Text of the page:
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Kittredge: Nor' Easter

When I wasn’t attending camps in New England, the summers of my childhood were spent at the end of Long Island in a small beach house atop a sand bluff. Until the vineyards arrived about 30 years ago, there wasn’t much happening on the North Fork except lush fruit and vegetable farming. The small peninsula called Nassau Point on which my parents’ house stood jutted out into Peconic Bay and was, if you can believe it, pretty remote.

That I am rarely bored is thanks to my summers on Nassau Point. Because, aside from beach and water, nothing was going on. Since we had no television and only a scratchy transistor radio, we invented our distractions. Never was this truer than during a Nor' Easter. Being on the coast, when the wind blew out of the northeast we knew we were in for three solid days of rain and holed up in the little house that grew damper by the hour. We read a lot and since my mother was a painter, we drew and painted. We played cards and knitted and if the power didn’t go out, which it often did, we cooked. I’m not suggesting that I loved these storms; to my eight year-old self they seemed interminable.

I do, however, love them in retrospect. Where we live in the Champlain Valley, it hasn’t rained in two weeks and, aside from a suggestion of an isolated thunderstorm, there is none on the horizon. As an avid gardener I find this annoying. Setting up sprinklers and watering the vegetables and fruit trees takes a lot of time. Farmers are getting the hay in but once the fields are mowed the stubble revealed is not greening up as it should. With the exceptionally gorgeous weather we’ve had recently we are continually called outside to garden, cycle, pick berries, fish, sail, walk, swim, kayak, hike and play, when - of course - we’re not working. Living in heaven can be exhausting.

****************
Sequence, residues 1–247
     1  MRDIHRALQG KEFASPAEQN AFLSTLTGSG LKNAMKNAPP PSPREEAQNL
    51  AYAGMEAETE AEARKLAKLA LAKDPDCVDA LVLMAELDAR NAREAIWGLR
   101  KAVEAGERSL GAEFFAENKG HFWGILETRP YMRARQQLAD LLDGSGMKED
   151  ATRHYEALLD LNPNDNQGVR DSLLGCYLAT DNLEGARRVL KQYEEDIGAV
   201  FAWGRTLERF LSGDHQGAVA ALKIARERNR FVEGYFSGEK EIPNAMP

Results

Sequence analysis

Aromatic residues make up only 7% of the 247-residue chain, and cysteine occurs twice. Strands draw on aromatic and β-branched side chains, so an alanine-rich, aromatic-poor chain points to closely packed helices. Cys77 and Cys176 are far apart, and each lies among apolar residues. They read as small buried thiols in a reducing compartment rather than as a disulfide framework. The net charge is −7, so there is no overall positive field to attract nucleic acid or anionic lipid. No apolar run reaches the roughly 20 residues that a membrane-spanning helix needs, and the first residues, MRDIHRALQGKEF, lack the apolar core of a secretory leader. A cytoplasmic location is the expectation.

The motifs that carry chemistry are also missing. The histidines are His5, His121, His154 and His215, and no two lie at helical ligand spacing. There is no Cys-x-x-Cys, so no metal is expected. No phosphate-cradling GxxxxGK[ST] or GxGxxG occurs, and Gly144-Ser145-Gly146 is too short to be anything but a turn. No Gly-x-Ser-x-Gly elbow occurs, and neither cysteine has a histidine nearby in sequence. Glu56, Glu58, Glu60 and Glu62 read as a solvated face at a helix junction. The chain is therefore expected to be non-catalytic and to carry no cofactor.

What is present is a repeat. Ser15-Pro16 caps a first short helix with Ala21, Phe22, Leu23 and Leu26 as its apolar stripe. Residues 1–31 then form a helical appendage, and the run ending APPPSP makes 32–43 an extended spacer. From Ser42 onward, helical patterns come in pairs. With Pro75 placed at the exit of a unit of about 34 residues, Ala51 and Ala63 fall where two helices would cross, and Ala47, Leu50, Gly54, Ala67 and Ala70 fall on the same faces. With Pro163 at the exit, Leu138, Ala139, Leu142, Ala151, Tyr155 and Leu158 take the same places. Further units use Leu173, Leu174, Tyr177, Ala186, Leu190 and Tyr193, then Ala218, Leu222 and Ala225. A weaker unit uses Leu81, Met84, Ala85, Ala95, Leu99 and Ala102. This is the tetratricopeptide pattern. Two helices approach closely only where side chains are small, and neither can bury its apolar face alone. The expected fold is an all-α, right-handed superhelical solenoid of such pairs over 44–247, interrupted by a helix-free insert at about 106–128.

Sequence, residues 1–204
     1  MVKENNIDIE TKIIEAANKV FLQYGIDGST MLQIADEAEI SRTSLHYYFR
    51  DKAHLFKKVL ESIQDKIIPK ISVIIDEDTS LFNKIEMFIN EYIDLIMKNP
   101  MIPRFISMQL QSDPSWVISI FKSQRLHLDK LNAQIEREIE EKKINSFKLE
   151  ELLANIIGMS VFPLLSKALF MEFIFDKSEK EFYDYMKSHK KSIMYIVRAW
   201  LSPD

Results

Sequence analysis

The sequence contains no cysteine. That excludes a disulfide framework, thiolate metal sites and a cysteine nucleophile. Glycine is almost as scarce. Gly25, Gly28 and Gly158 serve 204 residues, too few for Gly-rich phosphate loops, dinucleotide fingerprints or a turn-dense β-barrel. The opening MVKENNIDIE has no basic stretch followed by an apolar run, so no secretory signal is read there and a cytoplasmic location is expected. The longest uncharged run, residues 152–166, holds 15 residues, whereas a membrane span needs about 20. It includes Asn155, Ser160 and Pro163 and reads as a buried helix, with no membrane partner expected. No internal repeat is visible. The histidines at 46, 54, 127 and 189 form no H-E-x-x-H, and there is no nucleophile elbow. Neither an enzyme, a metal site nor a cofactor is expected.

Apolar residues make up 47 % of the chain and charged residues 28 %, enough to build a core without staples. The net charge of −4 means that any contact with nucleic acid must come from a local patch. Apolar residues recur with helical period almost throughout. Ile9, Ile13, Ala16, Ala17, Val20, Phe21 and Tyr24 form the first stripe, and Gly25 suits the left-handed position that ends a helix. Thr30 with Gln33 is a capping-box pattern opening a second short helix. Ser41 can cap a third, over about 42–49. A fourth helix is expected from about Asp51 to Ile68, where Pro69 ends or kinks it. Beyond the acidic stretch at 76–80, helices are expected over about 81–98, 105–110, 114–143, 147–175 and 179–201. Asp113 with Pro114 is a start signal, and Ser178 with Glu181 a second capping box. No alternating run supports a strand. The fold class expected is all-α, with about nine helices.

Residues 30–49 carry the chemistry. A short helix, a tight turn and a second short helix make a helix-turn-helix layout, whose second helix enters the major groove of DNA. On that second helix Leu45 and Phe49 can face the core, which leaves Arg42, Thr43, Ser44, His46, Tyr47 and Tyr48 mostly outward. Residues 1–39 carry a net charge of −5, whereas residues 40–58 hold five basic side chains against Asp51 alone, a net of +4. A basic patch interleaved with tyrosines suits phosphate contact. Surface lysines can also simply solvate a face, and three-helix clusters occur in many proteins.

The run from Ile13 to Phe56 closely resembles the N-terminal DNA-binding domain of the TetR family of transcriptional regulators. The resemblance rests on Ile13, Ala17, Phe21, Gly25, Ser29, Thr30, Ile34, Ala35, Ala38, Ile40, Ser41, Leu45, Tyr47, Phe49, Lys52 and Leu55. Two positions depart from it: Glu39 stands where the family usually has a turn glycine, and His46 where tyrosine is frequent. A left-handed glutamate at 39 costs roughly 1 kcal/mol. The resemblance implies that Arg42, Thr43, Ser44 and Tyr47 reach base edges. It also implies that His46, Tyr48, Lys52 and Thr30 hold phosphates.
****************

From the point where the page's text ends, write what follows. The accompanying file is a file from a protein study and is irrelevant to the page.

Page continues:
Not only do we desperately need the rain, but a nice storm that would drive us inside would be a relief. For the most part summer storms in Vermont last an hour or so; we don’t get solid systems that go on for days. A good stretch inside might even mean that some bills would get paid and I could read the real life Sunday Times, the only paper I get that I actually can touch. I’d like my grandchildren to have nothing to do for a bit, no scheduled outings or adventures because children thrive on boredom; it jump starts creative juices. When they are overbooked their imaginations can stagnate.

Many of us could use a break right about now because it’s not only the sun that is unrelenting, the political temperature around the world is at the boiling point. Would that there were some way that the powers that be in Russia, Ukraine, Gaza, Israel and Palestine could find themselves stilled by a nice summer rain and no power.

Susan Cooke Kittredge is Associate Pastor of the Charlotte Congregational Church.
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